by Marco Rubio
Slavery has been illegal in the United States for nearly 160 years. And yet, over the past two decades, American businesses and consumers have once again begun to benefit from the horrific practice.
It’s an extremely uncomfortable truth, and for most Americans, it likely comes as a surprise. Until recently, they probably had no idea that the clothes they wear, the phones they cannot put down, and the solar panels on their roofs were made, in part, by slaves. The same cannot be said of the companies that eagerly ship jobs overseas to China and source materials from concentration camps.
Thankfully, all of that is about to change. Starting on June 21, U.S. Customs and Border Protection will block any company seeking to import goods mined, produced, or manufactured, either in whole or in part, by Uyghurs and other persecuted ethnic groups – unless the company can provide conclusive evidence that no forced labor was used at any point in the international supply chain. It is a high burden of proof, but it is necessary given the lack of transparency in China and America’s unwillingness to enforce a 1930 law prohibiting the importation of goods made by slaves.
The implementation of the Uyghur Forced Labor Prevention Act, which I led with Sen. Merkley and Reps. McGovern and Smith, will also be the most significant change in America’s relationship with China since 2001, when the communist nation joined the World Trade Organization.
In 2001, America’s elites – politicians, public intellectuals, and businesspeople alike – believed free trade would make China more like the West. But the truth is that capitalism didn’t change the Chinese Communist Party; the communists changed capitalism. Over the decade that followed, our companies began shipping jobs overseas, enabling intellectual property theft, profiting from slave labor, and excusing totalitarianism as a form of tough love.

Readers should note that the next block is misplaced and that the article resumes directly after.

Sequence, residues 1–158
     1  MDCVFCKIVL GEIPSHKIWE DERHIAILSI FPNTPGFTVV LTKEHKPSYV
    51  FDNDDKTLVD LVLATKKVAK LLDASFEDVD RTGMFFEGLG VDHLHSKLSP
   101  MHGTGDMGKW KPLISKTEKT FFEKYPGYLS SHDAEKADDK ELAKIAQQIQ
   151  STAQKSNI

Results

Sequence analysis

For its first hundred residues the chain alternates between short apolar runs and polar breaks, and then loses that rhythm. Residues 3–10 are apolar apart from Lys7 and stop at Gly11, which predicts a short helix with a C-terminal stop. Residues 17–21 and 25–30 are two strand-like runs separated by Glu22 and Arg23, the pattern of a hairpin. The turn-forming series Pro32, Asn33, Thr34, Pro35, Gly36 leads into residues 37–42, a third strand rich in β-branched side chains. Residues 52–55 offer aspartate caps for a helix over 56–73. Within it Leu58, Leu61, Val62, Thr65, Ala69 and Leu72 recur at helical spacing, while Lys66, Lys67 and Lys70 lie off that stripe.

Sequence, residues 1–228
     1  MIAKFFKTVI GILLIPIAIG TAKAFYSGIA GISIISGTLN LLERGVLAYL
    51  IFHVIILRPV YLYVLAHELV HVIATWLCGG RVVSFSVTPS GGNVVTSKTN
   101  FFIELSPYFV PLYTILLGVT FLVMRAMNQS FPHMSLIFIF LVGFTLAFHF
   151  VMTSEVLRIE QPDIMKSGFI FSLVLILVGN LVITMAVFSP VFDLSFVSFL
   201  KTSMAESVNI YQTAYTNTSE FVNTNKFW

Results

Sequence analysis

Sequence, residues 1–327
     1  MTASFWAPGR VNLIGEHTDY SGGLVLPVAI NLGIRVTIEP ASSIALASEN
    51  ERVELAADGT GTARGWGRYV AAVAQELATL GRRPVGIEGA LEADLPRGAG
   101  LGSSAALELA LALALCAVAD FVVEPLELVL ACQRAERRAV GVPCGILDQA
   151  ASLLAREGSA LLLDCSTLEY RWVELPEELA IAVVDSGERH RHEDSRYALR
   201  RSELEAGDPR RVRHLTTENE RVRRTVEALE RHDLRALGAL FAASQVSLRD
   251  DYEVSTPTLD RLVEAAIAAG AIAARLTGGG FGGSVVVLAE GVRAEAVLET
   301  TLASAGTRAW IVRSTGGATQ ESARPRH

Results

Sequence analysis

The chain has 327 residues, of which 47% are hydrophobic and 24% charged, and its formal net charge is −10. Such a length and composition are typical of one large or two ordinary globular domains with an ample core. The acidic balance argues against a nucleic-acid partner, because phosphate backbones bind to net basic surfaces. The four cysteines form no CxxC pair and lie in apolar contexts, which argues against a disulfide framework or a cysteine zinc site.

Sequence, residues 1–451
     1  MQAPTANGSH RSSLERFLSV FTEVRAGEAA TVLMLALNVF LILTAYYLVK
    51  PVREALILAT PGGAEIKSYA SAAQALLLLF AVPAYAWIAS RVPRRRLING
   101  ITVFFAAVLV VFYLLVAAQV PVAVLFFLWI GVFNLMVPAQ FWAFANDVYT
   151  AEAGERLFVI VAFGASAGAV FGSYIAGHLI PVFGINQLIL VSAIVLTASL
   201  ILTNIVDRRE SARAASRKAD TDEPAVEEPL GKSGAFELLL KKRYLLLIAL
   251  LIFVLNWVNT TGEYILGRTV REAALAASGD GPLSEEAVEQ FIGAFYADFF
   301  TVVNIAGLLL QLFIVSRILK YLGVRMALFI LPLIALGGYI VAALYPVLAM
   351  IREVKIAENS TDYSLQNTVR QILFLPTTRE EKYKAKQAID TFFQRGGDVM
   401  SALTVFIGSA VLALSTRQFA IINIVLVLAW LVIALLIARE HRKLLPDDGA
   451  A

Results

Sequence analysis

But with the UFLPA, we sent a message to the world that the United States will no longer ignore the most horrific atrocities of the 21st century. No longer will we look at images of bareheaded prisoners in shackles and blindfolds, lined up like animals for slaughter, and shrug. No longer will we profit from the abduction and enslavement of children as young as 15 because it is what the “free” market dictates.
This proclamation is already sending shockwaves through the global economy, but enduring change will only come from its rigorous and thorough enforcement. That puts CBP on the front lines of the fight against modern slavery. The agency must ensure that suspect entities and all companies operating in Xinjiang provide the “clear and convincing evidence” required by law. There can be no exceptions, no relaxation of standards, and no willful ignorance.
If our customs agents enforce the UFLPA strictly, they will protect American consumers from unknowingly sending their hard-earned money to companies that use forced labor. Other countries may even follow America’s ethical leadership in an effort to end state-sponsored slavery.
But we cannot take that outcome for granted. The Biden administration is under immense pressure from nationless corporations and the regime in Beijing to find loopholes and carve-outs that would effectively gut the new law. For example, CBP is under pressure to limit its detention of goods, particularly solar and cotton, to the smallest geographical region or sector possible.
My message to President Biden and his administration is simple: Understand the significance of this moment and strictly implement this law.
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Marco Rubio, a Republican and senior U.S. senator from Florida, is chairman of the Senate Committee on Small Business and Entrepreneurship.
Photo “Joe Biden” by Gage Skidmore. CC BY-SA 2.0. Background Photo “Ugyhur Muslims” by the Uyghur Human Rights Project.